We Need to Create a Product Culture

I keep getting this question a lot – why don’t we build products like many US companies?

We at Chennai, do not yet have a product culture, like they do in Silicon Valley or Boston or Austin. When we don’t have something we need, we should go ahead and create one. Creating an eco-system is not as difficult as it seems. It may take a while. But we need to get started.

Here are some initial thoughts about creating a product culture in Tech.

1. We need Builders – a group of people who are passionate about building products. These can be small.  What do I mean by small? Firefox/Chrome extensions, Google gadgets, Facebook apps, Twitter apps etc. They can be mobile apps on any one of the popular devices. Or they can be simple gadgets, tiny robots, sensors, sensor based devices. The key drivers? A low capital requirement and short cycle times (weeks or months)

2. We need a set of supporters. These can be people who test and use these products and provide constructive feedback. They are the early adopters or micro-investors or  marketing, communication and sales people. We need to get them involved right in the beginning and get regular feedback on how to communicate the value and get some publicity. We can use some help from bloggers, Tweeters, tech columnists and any one who can add value in some way. So we need a community where all of us can come together.

3. We need some evangelists. These are people who encourage the builders and supporters and spread the word. They fill the knowledge gap between the producers and consumers. They are essential to the next stage of building the product culture.

4. We need to take this cycle of building-supporting-evangelizing into various places – colleges, informal communities (like the Open Coffee Clubs), more formal communities like TiE and NASSCOM. We need them to support and spread the word and get involved. They can  help create awareness and reach beyond the smaller communities.

5. We need events – Product show cases (like proto.in, headstart), discussions, meetups, tweetups, tech meets, unconferences, hackathons, sprints. Some of them are happening already.

6. We need to get companies involved. These may be big IT companies or global software companies. The most valuable contribution they can make is to provide channels for the distribution of these products. You can think of companies like Amazon, Google, Microsoft who are already active in India. They can sponsor events, send in experts and provide lots of useful advice.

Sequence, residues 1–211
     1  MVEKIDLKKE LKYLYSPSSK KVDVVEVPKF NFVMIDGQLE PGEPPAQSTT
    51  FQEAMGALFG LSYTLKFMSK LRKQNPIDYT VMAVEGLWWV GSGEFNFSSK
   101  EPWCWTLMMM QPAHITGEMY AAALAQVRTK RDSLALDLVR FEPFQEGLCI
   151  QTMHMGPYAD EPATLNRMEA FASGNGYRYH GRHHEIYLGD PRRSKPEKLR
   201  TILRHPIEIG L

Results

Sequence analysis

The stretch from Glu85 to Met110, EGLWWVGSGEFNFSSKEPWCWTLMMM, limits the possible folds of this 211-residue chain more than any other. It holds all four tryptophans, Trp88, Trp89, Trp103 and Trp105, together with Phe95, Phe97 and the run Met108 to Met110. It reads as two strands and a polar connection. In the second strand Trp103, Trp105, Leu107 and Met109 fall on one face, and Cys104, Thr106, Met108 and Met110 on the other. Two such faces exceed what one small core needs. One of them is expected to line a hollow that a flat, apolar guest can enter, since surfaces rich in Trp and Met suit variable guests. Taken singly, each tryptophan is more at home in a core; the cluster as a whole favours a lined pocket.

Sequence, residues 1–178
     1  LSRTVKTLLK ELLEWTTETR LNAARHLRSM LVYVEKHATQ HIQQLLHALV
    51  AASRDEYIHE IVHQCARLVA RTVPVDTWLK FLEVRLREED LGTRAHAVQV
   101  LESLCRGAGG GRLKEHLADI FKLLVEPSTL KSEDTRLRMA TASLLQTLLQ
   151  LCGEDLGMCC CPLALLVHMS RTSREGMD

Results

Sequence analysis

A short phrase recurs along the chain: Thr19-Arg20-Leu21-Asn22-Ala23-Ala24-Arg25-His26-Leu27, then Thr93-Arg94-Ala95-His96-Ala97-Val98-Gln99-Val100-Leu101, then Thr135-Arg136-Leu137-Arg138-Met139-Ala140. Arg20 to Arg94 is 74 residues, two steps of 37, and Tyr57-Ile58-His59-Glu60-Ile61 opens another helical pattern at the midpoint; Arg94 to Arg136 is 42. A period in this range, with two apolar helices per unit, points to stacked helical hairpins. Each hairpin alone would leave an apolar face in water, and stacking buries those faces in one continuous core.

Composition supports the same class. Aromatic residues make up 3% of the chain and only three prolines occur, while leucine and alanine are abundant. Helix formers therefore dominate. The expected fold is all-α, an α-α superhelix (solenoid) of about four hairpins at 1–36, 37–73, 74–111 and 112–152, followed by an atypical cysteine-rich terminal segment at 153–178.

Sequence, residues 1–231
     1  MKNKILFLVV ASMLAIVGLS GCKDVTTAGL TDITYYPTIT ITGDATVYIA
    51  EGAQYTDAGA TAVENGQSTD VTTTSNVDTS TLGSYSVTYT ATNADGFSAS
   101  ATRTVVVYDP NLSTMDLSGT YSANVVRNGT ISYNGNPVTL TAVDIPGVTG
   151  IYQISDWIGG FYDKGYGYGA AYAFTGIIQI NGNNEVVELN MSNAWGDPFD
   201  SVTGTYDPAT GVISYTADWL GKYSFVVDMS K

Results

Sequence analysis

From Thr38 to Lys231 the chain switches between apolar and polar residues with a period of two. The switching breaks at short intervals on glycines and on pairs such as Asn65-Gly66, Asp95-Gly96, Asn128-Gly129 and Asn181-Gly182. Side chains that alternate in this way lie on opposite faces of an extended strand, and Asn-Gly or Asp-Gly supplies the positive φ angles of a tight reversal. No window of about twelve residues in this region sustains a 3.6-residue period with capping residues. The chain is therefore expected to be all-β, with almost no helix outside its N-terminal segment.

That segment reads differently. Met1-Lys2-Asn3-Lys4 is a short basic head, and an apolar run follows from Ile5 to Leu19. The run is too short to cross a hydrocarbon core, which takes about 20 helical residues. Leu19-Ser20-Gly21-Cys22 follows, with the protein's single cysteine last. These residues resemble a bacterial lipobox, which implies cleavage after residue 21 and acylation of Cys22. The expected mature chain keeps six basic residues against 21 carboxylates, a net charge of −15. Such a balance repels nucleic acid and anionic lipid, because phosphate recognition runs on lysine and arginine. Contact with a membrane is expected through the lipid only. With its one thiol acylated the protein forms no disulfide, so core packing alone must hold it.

7. Finally, we need to get the students involved. Once we know how to build these mini-products, we can communicate that knowledge. Almost every student needs to work on a good project in their final year. So we need to start early and get them involved. We can work with  NEN (National Entrepreneur Network) to reach out to students.

We need to get this going. We need to raise awareness and build competence. We need to show first and tell later. This will increase the credibility. We need to start creating this mindset and demystify the process. We need to start this chain reaction – as soon as we can.

9 thoughts on “We Need to Create a Product Culture

  1. Dorai,

    I completely agree.
    But ‘Product culture’ is more to do with approach rather than resource or capability as many feel that it is a bit risky path. However we should start as you said.


    1. @Mugil, You are right. I am hoping that we can explore and experience the risks as we bootstrap as a community. People who have done it can share their knowledge. Since the changing pace is exponential, we need to continuously learn by doing.

  2. Yes agree, huge lack of products from India. The initial angel and seed funding is key, there is a huge pool of aspiring entrepreneurs with technical skills.

  3. Sir, Very well drafted article for creating product culture. we are attempting it with in the same areas you have mentioned (apps for twitter, facebook, devices etc) and involving students for the same as well.
    Your insights help us further. thanks for the article.

  4. Dorai,
    Yes, you are true, we have an aversion in embracing the “product culture” and I cannot single out one reason/logic for that mind set. Perhaps it is a more complex scenario of eco-system. The risk factor, budget constraints, GTM strategy,what apps to choose, and above all this the acumen to monitize the efforts all such things add up to the present case. I even considered the idea of using the knowledge (gathered so far while doing isolated applications in 2 domains)to create a comprehensive/unified product for the logistics industry and the school/colleges but like they say the “buck stops there”, the idea stops there. Will fine tune now after reading your post.

    1. @Shankar,
      Thanks. We need to bootstrap the eco-system. I have some experience in building products, marketing them in US and growing a couple of them. We stumbled our way through most of them (in 90s) and learned a set of things. But that knowledge is not that useful now. I think we need to take some baby steps and go about exploring new opportunities. We need to first learn how to build a few $1million -$20million companies just doing products. A few successes, however modest, will demystify the process. That is what I am hoping for.

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